In Florida, L. nervosa occurs in two areas. In west central Florida, it has been reported from Hillsborough and Hernando counties, where the species grows terrestrially in dense hardwood forests. Some 250 miles to the south, it occurs in the vast recesses of the Fakahatchee Strand at the western edge of the Big Cypress Swamp. There, it grows primarily in leaf litter on cypress knees and old tree stumps, as well as on decaying logs floating in the water of the swamp. However, even in the Fakahatchee, it has been observed at least once growing terrestrially in the mud of a small tree island at the edge of a swamp. The semi-epiphytic existence of L. nervosa in the Fakahatchee should not be surprising. Elsewhere in the world, other species of Liparis are distinct epiphytes.
Luer illustrates plants of L. nervosa from Hernando County, in the northern population, flowering in July. In the Fakahatchee Strand, the plants generally bloom from late August into September.
It's sad that this orchid hasn't been brought into cultivation successfully, because it is a horticulturally attractive species. The conical pseudobulb produces three to seven wide green leaves with deeply indented parallel veins, no doubt accounting for the species epithet, which probably refers to these distinctive nerves. The inflorescence can grow to more than 2 feet in length. This height accounts for the other species name, elata, which means "high," and sometimes this species is known in Florida by the common name tall liparis.
The unbranched scape can bear 30 or more small, waxy flowers that are green suffused with purple. The look of the flowers immediately identifies them as Liparis for anyone who is at all familiar with the genus.
Liparis nervosa is classed as endangered by the state of Florida (Coile, 1998), and this classification is certainly justified. This is not a common orchid anywhere in the state.
Eulophia alta (Linnaeus) Fawcett and Rendle
As with Polystachya, Africa is the center of distribution for the genus Eulophia. There are 181 species on the African continent proper, according to the latest count (Thomas, 1998). Also, as with Polystachya, Eulophia is a Pantropical genus, with 230 species worldwide.
However, unlike Polystachya, only one species of Eulophia occurs in the New World, as the genus is now understood (Thomas, 1998). And this species, unlike Pol. concreta, is not Pantropical in its distribution. From tropical Africa, where it is widespread eastward from the Great Rift Valley, Eulophia alta has dispersed only westward. But what a successful dispersal that has been.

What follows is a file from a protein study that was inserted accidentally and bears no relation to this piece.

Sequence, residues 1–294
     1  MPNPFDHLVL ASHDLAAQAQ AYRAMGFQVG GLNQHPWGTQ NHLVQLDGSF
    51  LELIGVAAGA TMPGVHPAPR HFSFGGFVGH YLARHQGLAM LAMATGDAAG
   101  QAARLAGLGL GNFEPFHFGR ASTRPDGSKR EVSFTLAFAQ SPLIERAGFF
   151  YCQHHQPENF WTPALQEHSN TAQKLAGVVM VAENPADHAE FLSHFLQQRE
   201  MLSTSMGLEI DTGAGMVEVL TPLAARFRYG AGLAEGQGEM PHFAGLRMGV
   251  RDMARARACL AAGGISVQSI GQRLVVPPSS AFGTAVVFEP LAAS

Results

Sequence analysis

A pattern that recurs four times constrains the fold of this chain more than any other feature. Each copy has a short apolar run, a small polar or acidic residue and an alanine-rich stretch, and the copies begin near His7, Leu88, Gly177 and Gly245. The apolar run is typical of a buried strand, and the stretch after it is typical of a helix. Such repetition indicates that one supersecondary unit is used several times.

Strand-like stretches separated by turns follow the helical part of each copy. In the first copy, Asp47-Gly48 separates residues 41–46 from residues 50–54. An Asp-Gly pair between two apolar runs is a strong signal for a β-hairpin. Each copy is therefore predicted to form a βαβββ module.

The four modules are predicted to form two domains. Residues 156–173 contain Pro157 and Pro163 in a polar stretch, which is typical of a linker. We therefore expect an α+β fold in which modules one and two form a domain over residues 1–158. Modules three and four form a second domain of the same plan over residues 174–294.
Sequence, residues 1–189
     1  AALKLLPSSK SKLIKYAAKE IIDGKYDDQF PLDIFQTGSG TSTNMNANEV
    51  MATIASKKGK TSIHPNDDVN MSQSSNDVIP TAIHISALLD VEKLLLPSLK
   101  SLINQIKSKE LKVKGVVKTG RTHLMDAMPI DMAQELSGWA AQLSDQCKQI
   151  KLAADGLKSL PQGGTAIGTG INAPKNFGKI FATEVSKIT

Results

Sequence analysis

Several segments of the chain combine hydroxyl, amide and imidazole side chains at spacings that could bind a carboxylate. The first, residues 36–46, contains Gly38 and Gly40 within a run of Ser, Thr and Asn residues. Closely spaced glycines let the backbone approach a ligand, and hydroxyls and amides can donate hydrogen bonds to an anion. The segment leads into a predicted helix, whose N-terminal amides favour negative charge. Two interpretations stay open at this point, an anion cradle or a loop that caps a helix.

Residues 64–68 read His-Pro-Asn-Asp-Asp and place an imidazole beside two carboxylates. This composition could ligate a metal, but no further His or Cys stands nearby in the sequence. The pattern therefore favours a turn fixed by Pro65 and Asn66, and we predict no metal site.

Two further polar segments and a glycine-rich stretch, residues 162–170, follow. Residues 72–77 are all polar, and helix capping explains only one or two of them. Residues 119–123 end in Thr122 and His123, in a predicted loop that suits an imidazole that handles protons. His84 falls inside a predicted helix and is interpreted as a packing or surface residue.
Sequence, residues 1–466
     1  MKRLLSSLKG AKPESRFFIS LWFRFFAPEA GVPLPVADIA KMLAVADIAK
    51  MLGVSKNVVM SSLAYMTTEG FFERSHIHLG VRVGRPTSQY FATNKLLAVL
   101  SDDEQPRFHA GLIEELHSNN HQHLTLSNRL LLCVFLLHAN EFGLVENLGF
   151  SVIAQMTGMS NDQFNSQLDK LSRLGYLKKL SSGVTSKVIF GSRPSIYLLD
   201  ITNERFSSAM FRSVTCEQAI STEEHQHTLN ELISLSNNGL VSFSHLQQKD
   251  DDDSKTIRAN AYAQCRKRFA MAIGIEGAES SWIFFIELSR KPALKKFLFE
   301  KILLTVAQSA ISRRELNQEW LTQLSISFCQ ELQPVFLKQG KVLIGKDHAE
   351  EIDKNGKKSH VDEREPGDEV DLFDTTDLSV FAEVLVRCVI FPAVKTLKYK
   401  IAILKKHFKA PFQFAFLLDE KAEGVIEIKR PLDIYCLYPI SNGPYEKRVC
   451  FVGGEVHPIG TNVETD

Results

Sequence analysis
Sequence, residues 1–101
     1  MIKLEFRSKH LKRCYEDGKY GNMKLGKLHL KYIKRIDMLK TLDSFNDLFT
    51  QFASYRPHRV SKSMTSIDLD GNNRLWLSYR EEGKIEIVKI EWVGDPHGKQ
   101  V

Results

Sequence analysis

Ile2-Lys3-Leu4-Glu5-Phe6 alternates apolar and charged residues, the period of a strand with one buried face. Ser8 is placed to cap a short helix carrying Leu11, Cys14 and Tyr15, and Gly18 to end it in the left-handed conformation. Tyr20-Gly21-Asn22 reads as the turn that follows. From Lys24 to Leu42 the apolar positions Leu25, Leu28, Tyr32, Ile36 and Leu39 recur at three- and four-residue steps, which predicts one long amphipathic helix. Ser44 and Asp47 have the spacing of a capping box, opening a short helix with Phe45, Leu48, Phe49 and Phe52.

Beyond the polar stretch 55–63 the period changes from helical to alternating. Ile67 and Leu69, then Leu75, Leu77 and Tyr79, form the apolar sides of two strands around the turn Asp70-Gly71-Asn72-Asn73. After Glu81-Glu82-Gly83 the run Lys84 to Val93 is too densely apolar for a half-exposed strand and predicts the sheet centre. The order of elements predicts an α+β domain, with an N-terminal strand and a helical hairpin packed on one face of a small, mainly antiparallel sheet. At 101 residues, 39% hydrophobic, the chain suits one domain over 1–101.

In South America, this species covers all of the tropical part of the continent except the higher portions of the Andes and the drier regions of the Pacific coast, and it even dips down into the subtropical regions of Paraguay, northern Argentina and southeastern Brazil. It also occurs in southern Mexico, Central America, the Antilles and Florida. In Florida, it grows over a good portion of the peninsula, from the deep subtropical south as far north as Pasco County on the Gulf coast and Flagler County on the Atlantic side of the state. In fact, the range of this species in the Western Hemisphere seems to exceed its range in its native Africa.
Because of its African origin, some people do not want to believe this orchid got to the New World by natural means. Donovan S. Correll notes in Native Orchids of North America North of Mexico (1950): "The occurrence ... of this essentially African genus in the Western Hemisphere is another mystery in the realm of plant distribution. As in the case of a number of anomalous species found in the West Indies and other parts of tropical America, it is thought that some of these plants were introduced into the New World by slaves in the early days of the slave trade, either for their supposed healing powers, for use in voodooistic practices or for food."
Correll doesn't expand on this idea or cite his sources. What he described may have occurred, but somehow it seems unlikely, considering how widely the species has spread in the New World. It seems unlikely it could have reached its present broad distribution in only some 450 years. But in the plant world, you can never say never. Just look at Oeceoclades maculata (discussed below), which seems to have been spreading with breakneck speed through the American tropics.
Eulophia alta is another of those handsome native terrestrial orchids that deserve to be brought into cultivation. It prefers the sunny habitats of open glades and roadsides, where it is readily visible, even when not in bloom. The beautiful yellowish-green pleated leaves resemble a palm seedling, accounting for the species' common name in Florida, wild coco.